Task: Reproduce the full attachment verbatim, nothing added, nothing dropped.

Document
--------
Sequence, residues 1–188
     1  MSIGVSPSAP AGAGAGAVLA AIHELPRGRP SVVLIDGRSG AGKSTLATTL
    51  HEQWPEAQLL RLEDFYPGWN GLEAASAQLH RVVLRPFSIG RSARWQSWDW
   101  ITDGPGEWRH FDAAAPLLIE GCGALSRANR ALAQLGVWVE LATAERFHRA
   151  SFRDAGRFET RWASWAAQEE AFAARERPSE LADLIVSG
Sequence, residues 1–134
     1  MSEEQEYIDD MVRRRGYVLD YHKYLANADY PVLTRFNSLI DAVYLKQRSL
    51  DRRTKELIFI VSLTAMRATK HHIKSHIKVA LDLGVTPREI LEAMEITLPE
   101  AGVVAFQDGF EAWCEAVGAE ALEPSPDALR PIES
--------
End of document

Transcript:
Sequence, residues 1–188
     1  MSIGVSPSAP AGAGAGAVLA AIHELPRGRP SVVLIDGRSG AGKSTLATTL
    51  HEQWPEAQLL RLEDFYPGWN GLEAASAQLH RVVLRPFSIG RSARWQSWDW
   101  ITDGPGEWRH FDAAAPLLIE GCGALSRANR ALAQLGVWVE LATAERFHRA
   151  SFRDAGRFET RWASWAAQEE AFAARERPSE LADLIVSG
Sequence, residues 1–134
     1  MSEEQEYIDD MVRRRGYVLD YHKYLANADY PVLTRFNSLI DAVYLKQRSL
    51  DRRTKELIFI VSLTAMRATK HHIKSHIKVA LDLGVTPREI LEAMEITLPE
   101  AGVVAFQDGF EAWCEAVGAE ALEPSPDALR PIES